Date of Degree

6-2014

Document Type

Dissertation

Degree Name

Ph.D.

Program

Nursing Studies

Advisor(s)

Kathleen M. Nokes

Subject Categories

Nursing

Keywords

Active Medications, Long term services and supports, Medication Regimen Complexity, Older Adults, Therapeutic Drug Class

Abstract

While the complexity of a medication regimen is a concern for all individuals, it is of significant concern for community-dwelling older adults who often require multiple medications to treat chronic health problems. Health related quality of life (HRQoL) has been identified as a key quality outcome measure when assessing care of older adults, particularly those with long-term care needs. Although the use of multiple medications has been widely explored in the literature, there is a paucity of data regarding the combination of several medication-related factors (number of active medications, therapeutic drug class, and medication regimen complexity) and HRQoL in older adults. Wilson and Cleary's health-related quality of life conceptual model was the theoretical framework used to guide this study. This secondary analysis examined the relationship among the number of active medications, the number of therapeutic drug classes, and medication regimen complexity and HRQoL in community-dwelling older adults (68% Hispanic, 75% female) who were recent recipients of home and community-based services (H&CBS). The subjects in this study (N =123) were enrolled in a large, multi-site study (N=470) (R01-AG025524, PI, M. Naylor). Medication-related data were obtained from medical charts, counted to include the active number of medications as all prescription and over the counter drugs (mean =9.3), and a therapeutic drug class tool (mean =4.9) measured the number of distinct therapeutic drug classes included in a medication regimen. Medication regimen complexity (mean = 20.6) was measured using the Medication Regimen Complexity Index (MRCI). The Medical Outcomes Study Short Form (MOS SF-12 v2) physical (PCS) and mental component scores (MCS) measured HRQoL. After controlling for age, gender, education, race, ethnicity, marital status and cognitive status, it was determined that the number of active medications (beta coefficient -.497, p=.012) was a key predictor of physical health-related quality of life, while therapeutic drug class and medication regimen complexity were not associated with either physical or mental health-related quality of life. The number of medications impacts on physical health-related quality of life but the directionality of that relationship is not clear; there were no significant effects on mental health-related-related quality of life and medication-related variables.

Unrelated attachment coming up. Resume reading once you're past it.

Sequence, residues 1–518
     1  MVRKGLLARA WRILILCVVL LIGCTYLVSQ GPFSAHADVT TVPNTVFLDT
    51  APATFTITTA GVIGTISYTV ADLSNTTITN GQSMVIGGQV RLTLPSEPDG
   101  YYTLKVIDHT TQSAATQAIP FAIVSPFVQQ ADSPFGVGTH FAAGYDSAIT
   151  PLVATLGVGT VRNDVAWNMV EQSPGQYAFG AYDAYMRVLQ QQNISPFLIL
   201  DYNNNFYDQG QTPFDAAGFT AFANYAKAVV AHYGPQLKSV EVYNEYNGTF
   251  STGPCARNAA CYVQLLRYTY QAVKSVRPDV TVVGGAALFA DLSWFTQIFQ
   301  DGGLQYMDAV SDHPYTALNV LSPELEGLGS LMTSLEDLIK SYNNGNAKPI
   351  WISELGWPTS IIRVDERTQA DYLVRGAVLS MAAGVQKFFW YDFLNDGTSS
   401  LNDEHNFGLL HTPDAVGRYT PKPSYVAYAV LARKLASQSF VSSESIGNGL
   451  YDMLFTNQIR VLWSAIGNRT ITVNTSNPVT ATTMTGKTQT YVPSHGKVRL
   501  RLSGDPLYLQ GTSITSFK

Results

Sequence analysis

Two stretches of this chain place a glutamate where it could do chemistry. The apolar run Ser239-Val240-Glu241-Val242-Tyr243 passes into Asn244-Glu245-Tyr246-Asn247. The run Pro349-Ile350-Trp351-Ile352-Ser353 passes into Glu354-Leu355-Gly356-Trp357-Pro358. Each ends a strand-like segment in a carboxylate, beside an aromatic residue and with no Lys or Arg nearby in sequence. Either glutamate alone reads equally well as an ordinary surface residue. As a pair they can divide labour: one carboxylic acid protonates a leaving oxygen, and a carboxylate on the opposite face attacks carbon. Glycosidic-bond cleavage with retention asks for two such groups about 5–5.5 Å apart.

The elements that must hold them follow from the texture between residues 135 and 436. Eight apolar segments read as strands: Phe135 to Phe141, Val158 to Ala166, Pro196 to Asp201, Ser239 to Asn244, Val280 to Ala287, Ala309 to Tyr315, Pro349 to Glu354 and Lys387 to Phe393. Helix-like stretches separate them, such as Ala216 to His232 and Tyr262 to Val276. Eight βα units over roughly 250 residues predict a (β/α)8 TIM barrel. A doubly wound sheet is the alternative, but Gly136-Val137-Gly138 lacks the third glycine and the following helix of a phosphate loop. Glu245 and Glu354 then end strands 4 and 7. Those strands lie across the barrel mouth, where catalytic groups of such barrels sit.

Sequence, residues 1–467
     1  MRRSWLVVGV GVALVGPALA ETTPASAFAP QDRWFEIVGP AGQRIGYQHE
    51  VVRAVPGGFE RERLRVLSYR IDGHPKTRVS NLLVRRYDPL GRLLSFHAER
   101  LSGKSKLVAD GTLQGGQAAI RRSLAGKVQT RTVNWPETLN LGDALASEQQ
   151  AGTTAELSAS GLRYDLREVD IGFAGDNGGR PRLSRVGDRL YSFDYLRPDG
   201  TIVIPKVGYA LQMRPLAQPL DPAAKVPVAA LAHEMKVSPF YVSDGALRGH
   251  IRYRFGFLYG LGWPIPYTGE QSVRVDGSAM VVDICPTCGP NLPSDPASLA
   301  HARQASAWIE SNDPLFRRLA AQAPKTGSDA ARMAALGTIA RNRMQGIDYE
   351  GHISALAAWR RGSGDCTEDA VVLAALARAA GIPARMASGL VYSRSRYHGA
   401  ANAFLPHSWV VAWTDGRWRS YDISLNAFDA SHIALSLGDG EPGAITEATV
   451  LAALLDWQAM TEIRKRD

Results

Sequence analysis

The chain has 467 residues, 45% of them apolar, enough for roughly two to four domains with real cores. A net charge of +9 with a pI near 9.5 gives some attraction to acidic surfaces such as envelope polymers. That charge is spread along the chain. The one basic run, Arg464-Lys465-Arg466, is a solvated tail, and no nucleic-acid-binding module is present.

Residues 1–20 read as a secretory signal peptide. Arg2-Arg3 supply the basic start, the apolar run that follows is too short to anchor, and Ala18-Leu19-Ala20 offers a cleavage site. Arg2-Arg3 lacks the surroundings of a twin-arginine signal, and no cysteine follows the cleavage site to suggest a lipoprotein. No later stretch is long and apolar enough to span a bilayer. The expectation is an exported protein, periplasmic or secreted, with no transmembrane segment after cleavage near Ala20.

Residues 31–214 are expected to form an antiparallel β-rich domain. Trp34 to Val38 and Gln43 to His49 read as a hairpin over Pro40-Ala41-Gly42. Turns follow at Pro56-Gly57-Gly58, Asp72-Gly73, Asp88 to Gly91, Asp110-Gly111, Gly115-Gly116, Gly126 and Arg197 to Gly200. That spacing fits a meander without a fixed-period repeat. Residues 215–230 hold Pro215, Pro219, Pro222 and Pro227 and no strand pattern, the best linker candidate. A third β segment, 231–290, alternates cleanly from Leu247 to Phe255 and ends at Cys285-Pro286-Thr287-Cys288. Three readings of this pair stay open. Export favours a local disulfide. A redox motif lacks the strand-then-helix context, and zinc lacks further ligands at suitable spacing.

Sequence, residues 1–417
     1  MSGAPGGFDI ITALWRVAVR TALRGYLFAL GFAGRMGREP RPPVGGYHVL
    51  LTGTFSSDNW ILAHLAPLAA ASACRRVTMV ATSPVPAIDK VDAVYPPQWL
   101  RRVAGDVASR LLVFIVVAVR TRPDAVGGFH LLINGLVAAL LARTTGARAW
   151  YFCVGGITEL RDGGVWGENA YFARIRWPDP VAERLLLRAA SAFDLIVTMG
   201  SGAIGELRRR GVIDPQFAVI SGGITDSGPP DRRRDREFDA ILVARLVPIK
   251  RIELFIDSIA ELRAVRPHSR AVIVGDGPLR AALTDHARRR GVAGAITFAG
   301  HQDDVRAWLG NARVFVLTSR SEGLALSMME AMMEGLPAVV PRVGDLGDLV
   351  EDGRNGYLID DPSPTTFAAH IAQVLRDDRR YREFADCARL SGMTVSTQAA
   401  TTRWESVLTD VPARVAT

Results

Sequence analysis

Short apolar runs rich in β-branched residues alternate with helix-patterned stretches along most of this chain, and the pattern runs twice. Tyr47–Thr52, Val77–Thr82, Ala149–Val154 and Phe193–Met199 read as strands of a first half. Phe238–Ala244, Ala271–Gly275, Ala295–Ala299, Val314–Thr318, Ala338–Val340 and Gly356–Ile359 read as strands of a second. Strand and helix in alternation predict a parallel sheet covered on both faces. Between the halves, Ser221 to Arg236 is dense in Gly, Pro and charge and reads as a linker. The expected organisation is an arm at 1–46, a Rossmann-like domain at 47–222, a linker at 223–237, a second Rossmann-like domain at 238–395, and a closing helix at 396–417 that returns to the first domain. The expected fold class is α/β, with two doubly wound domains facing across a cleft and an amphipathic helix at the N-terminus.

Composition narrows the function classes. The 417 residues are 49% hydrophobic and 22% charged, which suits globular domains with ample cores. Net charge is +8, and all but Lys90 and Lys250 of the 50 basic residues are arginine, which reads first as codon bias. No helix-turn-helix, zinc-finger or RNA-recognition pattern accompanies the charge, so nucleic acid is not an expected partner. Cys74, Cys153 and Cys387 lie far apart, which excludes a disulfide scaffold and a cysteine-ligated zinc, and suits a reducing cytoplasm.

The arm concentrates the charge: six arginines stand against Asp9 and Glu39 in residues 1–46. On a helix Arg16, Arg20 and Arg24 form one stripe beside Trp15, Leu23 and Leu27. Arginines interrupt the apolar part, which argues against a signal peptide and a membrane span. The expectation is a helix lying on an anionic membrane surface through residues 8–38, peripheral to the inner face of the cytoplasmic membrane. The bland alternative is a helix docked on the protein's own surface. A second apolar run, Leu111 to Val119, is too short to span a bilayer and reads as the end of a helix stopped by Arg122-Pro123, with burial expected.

Keywords: Older adults, active medications, therapeutic drug class, medication regimen complexity, community-based long term services and supports.

Included in

Nursing Commons

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